PROVIDENCE — Former governor Gina M. Raimondo did not work closely with Daniel J. McKee when he was lieutenant governor, and she did not attend the inauguration ceremony when McKee, a fellow Democrat, succeeded her as governor.
But Raimondo, who is now President Joe Biden’s US Secretary of Commerce, did leave a hand-written note for McKee on the desk in the governor’s office at the State House.
“Dan,” Raimondo wrote on stationery bearing the state seal. “Congratulations! You will be great at the job and love it. Not every day will be great but every day matters. Keep the needs of the people front and center in all that you do. I am here for you and always happy to provide support. Best, Gina Raimondo.”
Through his spokeswoman, McKee said, “I appreciate Secretary Raimondo’s note, her words of support, and offer for assistance. I agree with her sentiment that every day truly does matter.”
Former governor Lincoln D. Chafee said he left a handwritten letter for Raimondo in the center drawer of the governor’s desk when she succeeded him in January 2015. “I like to respect tradition,” he said.
Chafee said he could not remember the specifics of his letter to Raimondo but he said his message had an “upbeat tone.”
Chafee, a Republican-turned-independent-turned-Democrat who joined the Libertarian Party in 2019, said his predecessor, Republican Donald L. Carcieri, did not leave him a note, but he said “someone from his staff stepped up and put a nice note in the desk drawer.”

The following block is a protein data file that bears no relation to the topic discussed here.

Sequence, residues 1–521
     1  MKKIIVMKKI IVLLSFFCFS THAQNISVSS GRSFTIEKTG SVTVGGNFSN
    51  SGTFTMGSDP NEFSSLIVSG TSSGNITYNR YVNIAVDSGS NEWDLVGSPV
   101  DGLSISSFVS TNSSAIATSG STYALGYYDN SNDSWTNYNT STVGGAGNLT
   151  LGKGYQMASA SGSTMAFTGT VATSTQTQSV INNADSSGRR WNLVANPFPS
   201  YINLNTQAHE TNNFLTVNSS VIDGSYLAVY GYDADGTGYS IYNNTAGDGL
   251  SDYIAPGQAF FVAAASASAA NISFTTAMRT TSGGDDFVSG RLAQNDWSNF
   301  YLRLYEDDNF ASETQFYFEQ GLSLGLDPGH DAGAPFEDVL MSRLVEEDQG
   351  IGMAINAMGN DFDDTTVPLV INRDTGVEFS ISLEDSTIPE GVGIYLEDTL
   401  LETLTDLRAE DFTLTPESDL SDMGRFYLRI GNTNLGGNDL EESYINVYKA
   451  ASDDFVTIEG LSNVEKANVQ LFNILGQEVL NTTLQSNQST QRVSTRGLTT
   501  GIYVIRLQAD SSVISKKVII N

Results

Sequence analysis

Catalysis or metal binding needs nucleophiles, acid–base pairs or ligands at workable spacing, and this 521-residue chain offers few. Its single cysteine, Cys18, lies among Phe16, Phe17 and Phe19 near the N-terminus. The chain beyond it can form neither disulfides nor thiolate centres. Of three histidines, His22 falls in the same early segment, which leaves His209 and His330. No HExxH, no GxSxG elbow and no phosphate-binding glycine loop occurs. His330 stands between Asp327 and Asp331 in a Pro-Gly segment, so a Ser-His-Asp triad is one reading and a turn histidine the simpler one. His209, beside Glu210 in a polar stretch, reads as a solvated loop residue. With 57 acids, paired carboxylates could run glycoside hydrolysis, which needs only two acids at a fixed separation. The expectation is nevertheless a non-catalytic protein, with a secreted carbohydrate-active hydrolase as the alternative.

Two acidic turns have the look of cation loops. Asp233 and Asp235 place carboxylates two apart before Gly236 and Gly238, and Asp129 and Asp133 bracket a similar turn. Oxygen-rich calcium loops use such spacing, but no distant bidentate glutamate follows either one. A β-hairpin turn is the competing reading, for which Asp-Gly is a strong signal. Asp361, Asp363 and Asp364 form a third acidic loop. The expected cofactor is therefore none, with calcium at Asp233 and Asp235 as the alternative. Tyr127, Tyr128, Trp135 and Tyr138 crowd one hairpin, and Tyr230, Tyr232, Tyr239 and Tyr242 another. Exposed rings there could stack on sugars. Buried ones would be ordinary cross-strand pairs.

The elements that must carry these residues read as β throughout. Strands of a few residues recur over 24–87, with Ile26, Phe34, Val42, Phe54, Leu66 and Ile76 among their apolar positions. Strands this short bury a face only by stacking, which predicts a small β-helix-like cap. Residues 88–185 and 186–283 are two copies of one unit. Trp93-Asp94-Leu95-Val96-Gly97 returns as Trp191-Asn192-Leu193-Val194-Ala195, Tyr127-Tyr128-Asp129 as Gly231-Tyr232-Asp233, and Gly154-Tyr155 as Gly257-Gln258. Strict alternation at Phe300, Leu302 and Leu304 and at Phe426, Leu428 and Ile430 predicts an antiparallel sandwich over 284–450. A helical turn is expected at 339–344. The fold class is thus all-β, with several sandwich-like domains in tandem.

Chafee said he and Carcieri had “really split over his ramming 38 Studios through right before the election.” Chafee had opposed the $75-million loan guarantee that the state provided, under Carcieri, for former Boston Red Sox pitcher Curt Schilling’s now-bankrupt video-game company, 38 Studios.
At the White House, outgoing presidents have a tradition of leaving a note in the Oval Office for the incoming president.
The tradition reaches back to at least 1989, when outgoing president Ronald Reagan left a message for incoming president George H.W. Bush. Reagan wrote on stationery that contained a cartoon depiction of an elephant (the symbol of the Republican Party) covered in turkeys and the caption, “Don’t let the turkeys get you down.”
Perhaps the most famous letter by an outgoing president was the gracious note that George H.W. Bush left for Bill Clinton, even though the two had clashed in the 1992 presidential campaign.
“You will be our President when you read this note,” Bush wrote, underlining the word “our.” “I wish you well. I wish your family well. Your success now is our country’s success. I am rooting hard for you.”
When he was leaving office, Barack Obama left Donald J. Trump a letter, wishing him well and urging him to endeavor to leave the “instruments of our democracy at least as strong as we found them.”
Once in office, Trump shattered a variety of norms and traditions, and after losing to President Joe Biden, he did not concede with a congratulatory phone call or attend Biden’s inauguration. But Trump did leave Biden a note. Biden has described the note as “a very generous” letter but has said he won’t share it until he has a chance to speak with Trump.